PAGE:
President Trump Nominates Judges Even He Could Love

This article originally appeared on this site.

President Trump’s ten judicial appointments show that he intends to use the courts to advance his political agenda.President Trump’s ten judicial appointments show that he intends to use the courts to advance his political agenda.CreditPHOTOGRAPH BY ANDREW HARRER / BLOOMBERG / GETTY

On Monday, President Trump announced his first group of lower-court nominations to the federal bench. The list illustrates how differently Democratic and Republican Presidents have approached the task of making judges: it comes down to ideology versus diversity.

Republicans since Ronald Reagan have recognized the power of federal judges to move the country in a conservative direction. Trump’s nomination of Neil Gorsuch to the Supreme Court showed that the new President belongs to the same tradition, and his ten judicial nominees—five to the circuit courts of appeals and five to the district courts—reveal that he will continue to use the courts to advance his political agenda.

Notably, three of the five nominees for the federal appellate courts are former law professors. Joan Larsen, who taught at the University of Michigan Law School and now serves on the Michigan Supreme Court, was nominated to the Sixth Circuit; David Stras, who taught at the University of Minnesota Law School and now serves on the Minnesota Supreme Court, was nominated to the Eighth Circuit; and Amy Barrett, who teaches at Notre Dame Law School, was tapped for the Seventh Circuit. They all appear to be intellectually accomplished, personally honorable, and highly conservative, with jurisprudential philosophies in line with those of Samuel Alito and Clarence Thomas. (Here are fuller biographies.) Reagan nominated Antonin Scalia and Robert Bork, both law professors at the time, to the D.C. Circuit and then to the Supreme Court, and ever since, Republican Presidents have sought to populate all levels of the courts with strong ideologists. (The Senate confirmed Scalia to the high court in 1986 but rejected Bork the following year.)

In 2014, when I interviewed President Barack Obama about his judicial selections, he made it clear that diversity, rather than ideology, was his priority. “I think there are some particular groups that historically have been underrepresented—like Latinos and Asian-Americans—that represent a larger and larger portion of the population,” Obama told me. “And so for them to be able to see folks in robes that look like them is going to be important. When I came into office, I think there was one openly gay judge who had been appointed. We’ve appointed ten.” By the time Obama left office, he had indeed made dramatic changes in the composition of the judiciary. Of his three hundred and twenty-nine appointees, nineteen per cent were minorities, compared to sixteen per cent for Bill Clinton and seven per cent for George W. Bush. (Of Trump’s first twelve judicial appointees, one is part of a minority group: Amul Thapar, tapped for the Sixth Circuit, is an Indian-American.) Obama also made an initial effort at bipartisanship in his judicial selections. His first choice for a federal appeals court, David Hamilton, from Indiana, was made with the approval of Richard Lugar, the state’s senior senator at the time, and a Republican. Nevertheless, Republicans in the Senate filibustered Hamilton, as they proceeded to obstruct and delay virtually every Obama appointment, culminating in their successful block of Merrick Garland’s nomination to the Supreme Court. Trump, in choosing his latest nominees, didn’t bother to consult any Democrats.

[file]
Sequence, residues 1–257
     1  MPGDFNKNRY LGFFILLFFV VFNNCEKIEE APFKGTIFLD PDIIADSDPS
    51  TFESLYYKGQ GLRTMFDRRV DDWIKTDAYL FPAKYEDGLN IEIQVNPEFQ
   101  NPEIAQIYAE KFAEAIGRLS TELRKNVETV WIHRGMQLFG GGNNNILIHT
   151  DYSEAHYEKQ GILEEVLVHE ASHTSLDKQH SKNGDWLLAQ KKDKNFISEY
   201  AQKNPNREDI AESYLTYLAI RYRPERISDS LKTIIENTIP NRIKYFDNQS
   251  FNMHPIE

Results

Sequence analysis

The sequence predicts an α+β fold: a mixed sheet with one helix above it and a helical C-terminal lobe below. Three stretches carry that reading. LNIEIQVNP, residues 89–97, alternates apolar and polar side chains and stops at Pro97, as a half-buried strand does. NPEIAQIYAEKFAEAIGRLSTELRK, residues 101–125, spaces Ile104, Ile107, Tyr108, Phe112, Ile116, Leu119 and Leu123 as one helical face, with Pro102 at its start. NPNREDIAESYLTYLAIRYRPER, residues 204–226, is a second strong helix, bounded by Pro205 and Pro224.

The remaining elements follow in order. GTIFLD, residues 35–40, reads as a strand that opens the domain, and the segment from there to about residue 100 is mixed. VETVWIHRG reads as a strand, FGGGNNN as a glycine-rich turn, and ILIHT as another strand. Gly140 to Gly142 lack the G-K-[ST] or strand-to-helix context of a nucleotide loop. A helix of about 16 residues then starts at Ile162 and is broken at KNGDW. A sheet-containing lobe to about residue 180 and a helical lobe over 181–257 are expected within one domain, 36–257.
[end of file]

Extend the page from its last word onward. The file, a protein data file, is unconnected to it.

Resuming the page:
Obama, in contrast to his Republican predecessors and successor, appointed few law professors to judgeships—though he did nominate one, Elena Kagan, to the Supreme Court. His nominees, like Clinton’s, tended to be former prosecutors and state-court judges. For a onetime law professor, Obama had a curiously restrained view of the ability of courts to advance (or restrain) his agenda. He was a great believer in political change bubbling up from the people to their elected officials, rather than being imposed by unelected judges. Inspired more by the marches led by Martin Luther King, Jr., than by the lawsuits brought by Thurgood Marshall, Obama thought that enduring change came, above all, from popular mobilization and enlightenment.

Republicans, meanwhile, have embraced the judiciary as a vehicle for political change. As I wrote recently in the magazine, Trump essentially outsourced his selection of Gorsuch to Leonard Leo, of the Federalist Society, a conservative lawyers’ organization. As a judge on the Tenth Circuit, Gorsuch drew attention to himself by strongly embracing a key plank of the conservative legal agenda—the claim by Hobby Lobby, a retail chain owned by a religiously devout family, that it could exempt itself from provisions of the Affordable Care Act, which require employers to provide birth-control benefits.

In the early days of the Trump Administration, we’ve already seen ample evidence of the importance of judges to a President’s agenda. Federal district judges have twice rejected Trump’s proposed travel ban for people from predominately Muslim nations; another judge put on hold Trump’s attempt to punish so-called sanctuary cities, which aim to provide some protections for undocumented immigrants. Not all the judges who ruled against Trump have been Democratic appointees, but there is no question that Democratic appointees have been more skeptical of the Administration’s arguments. Just as the difference between Democratic and Republican legislators has rarely been greater than it is today, the same is true of Democratic and Republican appointees to the federal bench. President Trump and his fellow-Republicans recognize this critical fact, and they’re moving quickly to leave an enduring mark on this part of our government and our laws.